A second, far larger wave of U.S. mortgage defaults is building
The first wave of Americans to default on their home mortgages appears to be cresting, but a second, far larger one is building with alarming speed.
After two years of upward spiraling defaults, the problems with mortgages made to people with weak, or subprime, credit are showing the first, tentative signs of leveling off.
But with the U.S. economy struggling, homeowners with better credit are now falling behind on their payments in growing numbers. The percentage of mortgages in arrears in the category of loans one rung above subprime, so-called alternative-A, or alt-A, mortgages, quadrupled to 12 percent in April from a year earlier. Delinquencies among prime loans, which account for most of the $12 trillion market, doubled to 2.7 percent in that time.
While it is difficult to draw precise parallels among various segments of the mortgage market, the arc of the crisis in subprime loans suggests that the problems in the broader market may not peak for another year or two, analysts said.
Defaults are likely to accelerate because many homeowners' monthly payments are rising rapidly. The higher bills come as home prices continue to decline and banks are tightening their lending standards, making it harder for people to refinance loans or sell their homes. Of particular concern are alt-A loans, many of which were made to people with good credit scores without proof of their income or assets.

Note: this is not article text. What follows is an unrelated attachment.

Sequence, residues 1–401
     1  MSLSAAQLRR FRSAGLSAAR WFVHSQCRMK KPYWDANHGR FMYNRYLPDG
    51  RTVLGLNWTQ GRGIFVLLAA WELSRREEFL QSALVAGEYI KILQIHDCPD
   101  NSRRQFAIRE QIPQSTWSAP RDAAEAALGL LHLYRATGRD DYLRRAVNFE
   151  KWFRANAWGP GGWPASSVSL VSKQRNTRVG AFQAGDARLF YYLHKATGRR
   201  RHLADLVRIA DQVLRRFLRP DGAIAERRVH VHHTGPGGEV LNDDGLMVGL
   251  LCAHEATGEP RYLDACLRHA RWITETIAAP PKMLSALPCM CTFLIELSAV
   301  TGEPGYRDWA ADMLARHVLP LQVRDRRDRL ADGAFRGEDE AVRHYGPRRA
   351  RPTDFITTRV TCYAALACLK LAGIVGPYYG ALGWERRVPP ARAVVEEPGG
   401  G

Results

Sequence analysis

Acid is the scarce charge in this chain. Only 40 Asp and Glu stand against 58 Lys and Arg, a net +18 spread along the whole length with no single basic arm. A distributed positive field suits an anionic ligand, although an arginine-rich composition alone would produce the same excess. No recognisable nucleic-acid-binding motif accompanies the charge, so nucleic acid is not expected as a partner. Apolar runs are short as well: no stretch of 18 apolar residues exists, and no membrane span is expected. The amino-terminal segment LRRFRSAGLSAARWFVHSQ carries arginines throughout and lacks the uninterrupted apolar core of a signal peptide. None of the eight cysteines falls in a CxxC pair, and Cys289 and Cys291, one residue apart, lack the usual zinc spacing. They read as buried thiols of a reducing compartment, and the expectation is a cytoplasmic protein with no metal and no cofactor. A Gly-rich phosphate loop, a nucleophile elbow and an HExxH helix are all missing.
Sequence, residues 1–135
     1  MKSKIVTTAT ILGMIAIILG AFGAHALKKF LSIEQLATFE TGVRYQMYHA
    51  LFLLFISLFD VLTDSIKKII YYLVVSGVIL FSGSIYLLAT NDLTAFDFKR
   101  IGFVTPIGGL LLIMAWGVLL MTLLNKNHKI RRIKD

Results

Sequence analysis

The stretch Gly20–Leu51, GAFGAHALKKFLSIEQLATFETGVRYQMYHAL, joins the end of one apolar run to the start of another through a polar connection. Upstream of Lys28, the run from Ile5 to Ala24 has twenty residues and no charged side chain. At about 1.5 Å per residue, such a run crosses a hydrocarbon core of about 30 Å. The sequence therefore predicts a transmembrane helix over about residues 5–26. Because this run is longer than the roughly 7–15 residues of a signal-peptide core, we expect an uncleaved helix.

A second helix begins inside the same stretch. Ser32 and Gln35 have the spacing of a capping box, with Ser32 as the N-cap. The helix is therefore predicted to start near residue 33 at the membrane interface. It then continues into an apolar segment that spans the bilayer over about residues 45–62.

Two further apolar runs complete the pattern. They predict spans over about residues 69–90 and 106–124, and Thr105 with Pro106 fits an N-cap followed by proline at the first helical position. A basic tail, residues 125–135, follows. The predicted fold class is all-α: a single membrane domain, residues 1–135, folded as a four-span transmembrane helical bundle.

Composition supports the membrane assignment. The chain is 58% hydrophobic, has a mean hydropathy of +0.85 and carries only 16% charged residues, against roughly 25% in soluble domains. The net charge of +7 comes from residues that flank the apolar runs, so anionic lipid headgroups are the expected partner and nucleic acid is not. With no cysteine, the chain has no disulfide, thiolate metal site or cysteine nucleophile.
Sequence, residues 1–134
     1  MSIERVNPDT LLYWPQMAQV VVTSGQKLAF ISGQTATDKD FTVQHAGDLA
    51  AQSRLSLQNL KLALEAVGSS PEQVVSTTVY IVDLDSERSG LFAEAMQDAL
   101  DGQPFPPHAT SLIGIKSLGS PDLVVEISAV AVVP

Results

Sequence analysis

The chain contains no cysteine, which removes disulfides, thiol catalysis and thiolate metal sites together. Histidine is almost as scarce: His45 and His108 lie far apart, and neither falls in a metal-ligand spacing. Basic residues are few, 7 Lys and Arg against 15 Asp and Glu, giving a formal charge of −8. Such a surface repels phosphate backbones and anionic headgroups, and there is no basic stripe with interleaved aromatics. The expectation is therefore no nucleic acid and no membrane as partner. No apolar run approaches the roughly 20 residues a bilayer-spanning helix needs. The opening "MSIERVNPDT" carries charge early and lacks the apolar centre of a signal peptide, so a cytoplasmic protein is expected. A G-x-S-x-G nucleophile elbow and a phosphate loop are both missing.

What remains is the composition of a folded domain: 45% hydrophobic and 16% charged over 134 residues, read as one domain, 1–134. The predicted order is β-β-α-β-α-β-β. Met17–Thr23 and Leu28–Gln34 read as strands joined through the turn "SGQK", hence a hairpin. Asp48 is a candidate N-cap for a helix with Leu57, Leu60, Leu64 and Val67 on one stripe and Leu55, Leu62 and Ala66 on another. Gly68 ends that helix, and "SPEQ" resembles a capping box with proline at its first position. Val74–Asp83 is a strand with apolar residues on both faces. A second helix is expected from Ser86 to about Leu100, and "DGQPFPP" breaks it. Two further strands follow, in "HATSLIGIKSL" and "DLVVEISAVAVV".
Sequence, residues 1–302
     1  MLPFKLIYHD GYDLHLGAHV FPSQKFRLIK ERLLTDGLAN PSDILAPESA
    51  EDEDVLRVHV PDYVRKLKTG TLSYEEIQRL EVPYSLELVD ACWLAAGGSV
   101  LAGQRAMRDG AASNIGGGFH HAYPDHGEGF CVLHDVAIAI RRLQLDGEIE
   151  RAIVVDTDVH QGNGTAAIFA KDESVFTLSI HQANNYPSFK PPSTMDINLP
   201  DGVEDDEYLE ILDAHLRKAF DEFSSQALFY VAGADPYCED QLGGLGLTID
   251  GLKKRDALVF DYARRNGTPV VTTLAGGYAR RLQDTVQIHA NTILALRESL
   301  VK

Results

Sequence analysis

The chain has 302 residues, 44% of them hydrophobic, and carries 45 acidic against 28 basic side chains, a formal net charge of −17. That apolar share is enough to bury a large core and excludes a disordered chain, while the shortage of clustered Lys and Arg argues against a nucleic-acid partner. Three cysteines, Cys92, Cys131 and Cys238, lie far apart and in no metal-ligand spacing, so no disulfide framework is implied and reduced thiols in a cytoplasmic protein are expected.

Much will depend on the course of the economy, particularly unemployment. A weaker job market would push more homeowners toward the financial brink. The U.S. Labor Department reported Friday that the unemployment rate climbed to a four-year high in July. Other downbeat reports last week documented another drop in home prices, slower economic growth than expected and a huge loss at General Motors.
"Subprime was the tip of the iceberg," said Thomas Atteberry, president of First Pacific Advisors, a investment firm in Los Angeles that trades mortgage securities. "Prime will be far bigger in its impact."
During a conference call with analysts last month, James Dimon, the chairman and chief executive of JPMorgan Chase, said he expected losses on prime loans at his bank to triple and described the outlook for them as "terrible."
Delinquencies on mortgages tend to peak three to five years after loans are made, said Mark Fleming, the chief economist at First American CoreLogic, a research firm. Not surprisingly, subprime loans from 2005 appear closer to the end than those made in 2007, for which default rates continue to rise steeply.
"We will hit those points in a few years and that will help in many ways," Fleming said, referring to the loans made later in the housing boom. "We just have to survive through this part of the cycle."
Data on securities backed by subprime mortgages show that 8.41 percent of loans from 2005 were delinquent by 90 days or more or in foreclosure in June, up from 8.35 percent in May, according to CreditSights, a research firm with offices in New York and London. By contrast, 16.6 percent of 2007 loans were troubled in June, up from 15.8 percent.
Some of that reflects basic math. Over the years, some loans will be paid off as homeowners sell or refinance, and some will be foreclosed and sold. That reduces the number of loans from those earlier years that could possibly default. Also, since the credit market seized up last year, lenders have become much more conservative and have stopped making most subprime loans and cut back on many other popular mortgages.